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    says:

    “But what about CJ Roberts? He wrote an absolutely scathing dissent in Massachusetts”

    In the Massachusetts case, people were suing the federal government for *inaction*, making the case that the laws on the books *required* the EPA (i.e. the federal government) to do something. (which of course, the Bush Admin wasn’t)

    In this case, the people were suing the federal government for *taking* action.

    Though not having read the cases closely, so not knowing what the actual arguments are, the decisions Roberts’ made in both cases still could be consistent from the point of view of deference to federal executive authority and its prerogatives.Report

  3. Avatar Burt Likko
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    says:

    Your final paragraph is the most poignant to me, @michael-cain. While it’s easy to condemn kritocratic checks upon technocrats as anti-democratic, the fact of the matter is that Congress — at least, this Congress, and the Congresses that we have had for the past generation or so — does not make hard choices and has demonstrated functional disinterest in technically complex legislation.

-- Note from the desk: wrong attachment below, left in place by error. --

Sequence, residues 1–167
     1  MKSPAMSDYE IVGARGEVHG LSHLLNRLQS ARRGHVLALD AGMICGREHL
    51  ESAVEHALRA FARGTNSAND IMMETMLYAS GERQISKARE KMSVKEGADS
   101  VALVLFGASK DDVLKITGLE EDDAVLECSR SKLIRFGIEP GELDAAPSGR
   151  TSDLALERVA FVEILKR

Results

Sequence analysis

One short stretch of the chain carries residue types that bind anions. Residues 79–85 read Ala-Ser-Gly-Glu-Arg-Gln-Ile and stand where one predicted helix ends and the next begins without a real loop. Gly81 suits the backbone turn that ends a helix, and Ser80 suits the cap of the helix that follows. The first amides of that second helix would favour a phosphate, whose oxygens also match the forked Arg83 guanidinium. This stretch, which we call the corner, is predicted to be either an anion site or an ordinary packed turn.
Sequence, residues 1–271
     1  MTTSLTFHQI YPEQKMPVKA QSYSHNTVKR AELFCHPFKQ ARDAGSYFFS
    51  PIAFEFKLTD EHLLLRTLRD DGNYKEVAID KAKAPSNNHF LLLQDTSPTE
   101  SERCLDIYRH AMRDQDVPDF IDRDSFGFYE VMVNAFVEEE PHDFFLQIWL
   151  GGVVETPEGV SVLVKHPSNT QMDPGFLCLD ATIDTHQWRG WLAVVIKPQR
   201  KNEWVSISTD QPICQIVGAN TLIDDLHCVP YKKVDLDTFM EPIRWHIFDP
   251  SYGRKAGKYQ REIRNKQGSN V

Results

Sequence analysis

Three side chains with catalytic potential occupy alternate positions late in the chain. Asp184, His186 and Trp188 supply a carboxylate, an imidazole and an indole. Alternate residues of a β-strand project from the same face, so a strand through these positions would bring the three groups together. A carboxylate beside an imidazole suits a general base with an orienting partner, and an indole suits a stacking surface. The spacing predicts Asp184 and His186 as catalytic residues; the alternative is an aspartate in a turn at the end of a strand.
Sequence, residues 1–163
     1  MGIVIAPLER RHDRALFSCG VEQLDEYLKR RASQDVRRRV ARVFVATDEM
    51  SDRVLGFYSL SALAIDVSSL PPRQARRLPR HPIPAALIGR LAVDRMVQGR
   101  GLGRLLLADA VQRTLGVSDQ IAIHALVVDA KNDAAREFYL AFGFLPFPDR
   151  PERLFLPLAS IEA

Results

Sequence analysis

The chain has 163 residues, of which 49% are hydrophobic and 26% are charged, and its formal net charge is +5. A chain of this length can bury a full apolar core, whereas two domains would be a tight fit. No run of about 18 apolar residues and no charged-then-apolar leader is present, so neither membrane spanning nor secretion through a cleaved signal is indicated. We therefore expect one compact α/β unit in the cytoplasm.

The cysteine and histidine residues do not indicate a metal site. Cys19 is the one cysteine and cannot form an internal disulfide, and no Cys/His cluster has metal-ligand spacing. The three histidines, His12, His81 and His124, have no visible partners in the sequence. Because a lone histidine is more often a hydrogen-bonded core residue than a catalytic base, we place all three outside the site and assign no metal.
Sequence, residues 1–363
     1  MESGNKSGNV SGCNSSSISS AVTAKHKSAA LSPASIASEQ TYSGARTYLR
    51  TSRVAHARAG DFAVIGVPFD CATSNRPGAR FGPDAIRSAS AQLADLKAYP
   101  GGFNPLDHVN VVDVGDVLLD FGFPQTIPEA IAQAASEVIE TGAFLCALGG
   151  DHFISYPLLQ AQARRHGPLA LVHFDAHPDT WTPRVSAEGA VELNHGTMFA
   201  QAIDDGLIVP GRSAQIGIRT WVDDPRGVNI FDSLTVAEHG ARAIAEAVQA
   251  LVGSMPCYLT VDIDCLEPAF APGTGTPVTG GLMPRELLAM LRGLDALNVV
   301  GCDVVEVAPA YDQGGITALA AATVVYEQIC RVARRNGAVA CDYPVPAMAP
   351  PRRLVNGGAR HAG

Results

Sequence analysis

Moreover, there is a good argument that it’s better to defer the technically complex parts of issues to subject matter experts anyway, especially in spheres of governmental activity predicated upon science that may reasonably be anticipated to update, revision, and other kinds of change on short notice. Since it seems to take Congress six months, twenty irrelevant riders, a parliamentary procedure debate, and eight quorum calls to order a dozen pizzas for the interns, the regulatory process is probably the only way that rules get updated in response to changing conditions anyway. Let’s also not forget that the public has the opportunity for substantial input into regulations as they are proposed, revised, adopted, and subsequently reviewed and changed — and that the regulators themselves are indirectly responsive to democratic pressure since they are appointed by the President, or at least guided by Presidential appointees.